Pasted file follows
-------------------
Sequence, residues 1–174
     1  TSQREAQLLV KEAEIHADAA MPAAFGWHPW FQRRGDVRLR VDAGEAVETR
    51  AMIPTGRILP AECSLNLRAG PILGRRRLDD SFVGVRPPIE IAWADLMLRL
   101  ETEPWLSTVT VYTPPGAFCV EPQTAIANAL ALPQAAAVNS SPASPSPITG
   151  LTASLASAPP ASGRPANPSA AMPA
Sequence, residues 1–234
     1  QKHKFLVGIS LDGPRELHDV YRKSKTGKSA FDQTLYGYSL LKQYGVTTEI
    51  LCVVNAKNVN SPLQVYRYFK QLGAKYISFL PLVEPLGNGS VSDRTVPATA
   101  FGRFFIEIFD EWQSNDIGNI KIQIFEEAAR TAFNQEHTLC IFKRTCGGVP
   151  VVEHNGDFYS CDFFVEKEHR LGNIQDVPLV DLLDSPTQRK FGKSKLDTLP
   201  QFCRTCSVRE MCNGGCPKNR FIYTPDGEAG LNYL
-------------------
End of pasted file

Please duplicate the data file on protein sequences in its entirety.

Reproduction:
Sequence, residues 1–174
     1  TSQREAQLLV KEAEIHADAA MPAAFGWHPW FQRRGDVRLR VDAGEAVETR
    51  AMIPTGRILP AECSLNLRAG PILGRRRLDD SFVGVRPPIE IAWADLMLRL
   101  ETEPWLSTVT VYTPPGAFCV EPQTAIANAL ALPQAAAVNS SPASPSPITG
   151  LTASLASAPP ASGRPANPSA AMPA
Sequence, residues 1–234
     1  QKHKFLVGIS LDGPRELHDV YRKSKTGKSA FDQTLYGYSL LKQYGVTTEI
    51  LCVVNAKNVN SPLQVYRYFK QLGAKYISFL PLVEPLGNGS VSDRTVPATA
   101  FGRFFIEIFD EWQSNDIGNI KIQIFEEAAR TAFNQEHTLC IFKRTCGGVP
   151  VVEHNGDFYS CDFFVEKEHR LGNIQDVPLV DLLDSPTQRK FGKSKLDTLP
   201  QFCRTCSVRE MCNGGCPKNR FIYTPDGEAG LNYL